• 2018-07
  • 2019-04
  • 2019-05
  • 2019-06
  • 2019-07
  • 2019-08
  • 2019-09
  • 2019-10
  • 2019-11
  • 2019-12
  • 2020-01
  • 2020-02
  • 2020-03
  • 2020-04
  • 2020-05
  • 2020-06
  • 2020-07
  • 2020-08
  • 2020-09
  • 2020-10
  • 2020-11
  • 2020-12
  • 2021-01
  • 2021-02
  • 2021-03
  • 2021-04
  • 2021-05
  • 2021-06
  • 2021-07
  • 2021-08
  • 2021-09
  • 2021-10
  • 2021-11
  • 2021-12
  • 2022-01
  • 2022-02
  • 2022-03
  • 2022-04
  • 2022-05
  • 2022-06
  • Author contribution br Funding This work was supported by


    Author contribution
    Funding This work was supported by funding from St Vincent’s AMR. Hologic provided Panther equipment and Aptima HCV Quant Dx Viral Load assays. The sponsors had no rule in the analysis and interpretation of the study results, the manufacturer of reagents used in this study did not influence the study design, analysis of data or reporting of results. The Kirby Institute is funded by the Australian Government Department of Health and Ageing. NSW State Reference Laboratory for HIV, St Vincent’s Centre for Applied Medical Research and The Kirby Institute each receive funding from the Australian Government Department of Health and Ageing and the New South Wales Ministry of Health. The views expressed in this publication do not necessarily represent the position of the Australian Government. BC is supported by an Australian Postgraduate Award from UNSW Sydney and an Australian Government Research Training Program Scholarship provided by the Commonwealth Government. JG is supported by a National Health and Medical Research Council Career Development Fellowship (APP1112352). PL is a former employee of Hologic Australia. TA has received research grants from Abbott Diagnostics and travel grant from Cepheid. JG is a consultant/advisor and has received research grants from AbbVie, Bristol-Myers Squibb, Cepheid, Gilead Sciences and Merck/MSD.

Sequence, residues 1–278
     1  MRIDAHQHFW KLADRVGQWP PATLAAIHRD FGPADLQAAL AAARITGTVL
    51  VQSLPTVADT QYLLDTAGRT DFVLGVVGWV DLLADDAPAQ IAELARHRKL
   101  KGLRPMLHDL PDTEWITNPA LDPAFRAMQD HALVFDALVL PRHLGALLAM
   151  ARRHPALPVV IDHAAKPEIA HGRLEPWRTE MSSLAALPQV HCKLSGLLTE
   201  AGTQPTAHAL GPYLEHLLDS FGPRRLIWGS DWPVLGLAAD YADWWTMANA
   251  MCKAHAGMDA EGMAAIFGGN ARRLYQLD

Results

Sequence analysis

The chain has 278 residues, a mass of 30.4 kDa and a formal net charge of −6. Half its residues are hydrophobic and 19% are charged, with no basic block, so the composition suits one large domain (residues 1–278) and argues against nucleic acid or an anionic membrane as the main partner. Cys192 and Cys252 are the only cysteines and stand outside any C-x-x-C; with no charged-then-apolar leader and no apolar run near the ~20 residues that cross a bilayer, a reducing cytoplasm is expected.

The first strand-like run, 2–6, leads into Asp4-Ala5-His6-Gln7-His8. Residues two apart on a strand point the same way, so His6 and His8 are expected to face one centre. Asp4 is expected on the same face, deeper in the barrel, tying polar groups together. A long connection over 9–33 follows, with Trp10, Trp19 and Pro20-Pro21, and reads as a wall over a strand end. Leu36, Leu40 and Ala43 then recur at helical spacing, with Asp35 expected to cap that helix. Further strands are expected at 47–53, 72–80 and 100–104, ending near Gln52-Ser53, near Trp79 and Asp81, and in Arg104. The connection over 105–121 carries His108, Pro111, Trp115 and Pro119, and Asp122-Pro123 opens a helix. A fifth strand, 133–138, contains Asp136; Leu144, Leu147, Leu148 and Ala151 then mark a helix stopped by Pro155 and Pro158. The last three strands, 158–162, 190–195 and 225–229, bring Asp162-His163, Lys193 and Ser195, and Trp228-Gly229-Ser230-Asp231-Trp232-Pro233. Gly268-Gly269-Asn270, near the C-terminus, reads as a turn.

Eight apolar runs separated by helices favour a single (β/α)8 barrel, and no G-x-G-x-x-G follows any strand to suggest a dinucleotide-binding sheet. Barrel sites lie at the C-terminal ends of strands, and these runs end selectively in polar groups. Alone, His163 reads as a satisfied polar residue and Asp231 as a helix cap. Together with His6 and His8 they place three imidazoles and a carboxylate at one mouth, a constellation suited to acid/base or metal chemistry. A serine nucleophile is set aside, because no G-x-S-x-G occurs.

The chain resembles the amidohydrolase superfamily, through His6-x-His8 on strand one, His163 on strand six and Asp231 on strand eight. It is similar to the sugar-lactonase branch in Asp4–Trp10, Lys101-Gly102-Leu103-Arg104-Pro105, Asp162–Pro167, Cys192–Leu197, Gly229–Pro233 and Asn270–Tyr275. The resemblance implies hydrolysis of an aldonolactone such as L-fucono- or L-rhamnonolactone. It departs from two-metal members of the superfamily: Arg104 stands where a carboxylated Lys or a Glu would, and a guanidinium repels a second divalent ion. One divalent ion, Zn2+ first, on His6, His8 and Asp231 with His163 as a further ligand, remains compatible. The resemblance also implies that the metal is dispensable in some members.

Introduction Chronic hepatitis C virus (HCV) infection has emerged in the past two decades as a major cause of morbidity and mortality among persons living with the proteasome inhibitor (PLWH) in high-income countries [1]. HIV and HCV have overlapping modes of transmission, and in 2015 it has been estimated that 6.2% of the 36.9 million people living with HIV worldwide (i.e. approximately 2.3 million people) were coinfected with HCV [2]. Prevalence of HCV infection among persons with HIV varies in different population groups, being highest among in men who have sex with men (6.4%), and in injecting drug users (82.4%) [2]. Recently, it has been shown that treatment regimens including new direct acting antivirals (DAAs) can achieve high rates of sustained viral response also in HCV-HIV coinfected persons [3]. Modeling studies and preliminary observational data show that a widespread use of DAAs may determine a reduction in HCV prevalence and prevent onwards transmission among PLWH [4], [5]. Nonetheless, high rates of HCV detection and treatment will be needed to achieve these goals [5], [6]. It is generally estimated that a high proportion of persons living with HCV is undiagnosed [7], although little information is available on undiagnosed HIV-HCV coinfection. We aimed to estimate temporal trends of prevalence and determinants of undiagnosed HCV infection among persons proteasome inhibitor newly diagnosed with HIV.
    Material and methods We analyzed data on persons newly diagnosed with HIV at “Lazzaro Spallanzani” Institute for Infectious Diseases in Rome, Italy, during 2004–2015, enrolled in a prospective observational study (SENDIH) [8]. For person enrolled in this study, demographic, epidemiological, laboratory and clinical data and information on previously diagnosed infections, including HCV, are prospectively collected through a standardized interview. HCV serology is routinely offered to all HIV-positive individuals, and if anti-HCV positive, HCV RNA is performed. The study was approved by the Institute’s Ethic committee, and enrolled individuals provide written informed consent. We included in the analysis persons for whom HCV serology was available within 3 months HIV diagnosis and those for whom anamnestic anti-HCV positivity was available. We defined HCV-unaware, anti-HCV positive individuals who did not report a diagnosis of hepatitis C or a positive HCV test before HIV diagnosis. Staging of liver disease among anti-HCV positive individuals was obtained by the Fibrosis 4 (FIB-4) score, calculated as: age (years)×AST (U/L)/platelets (109/L)×ALT (U/L)1/2. A FIB-4 score higher than or equal to 3.25 was used to define advanced liver disease [9]. Late HIV diagnosis was defined as a CD4 count <350 cells/mmc or an AIDS-defining event within 3 months of HIV diagnosis [10].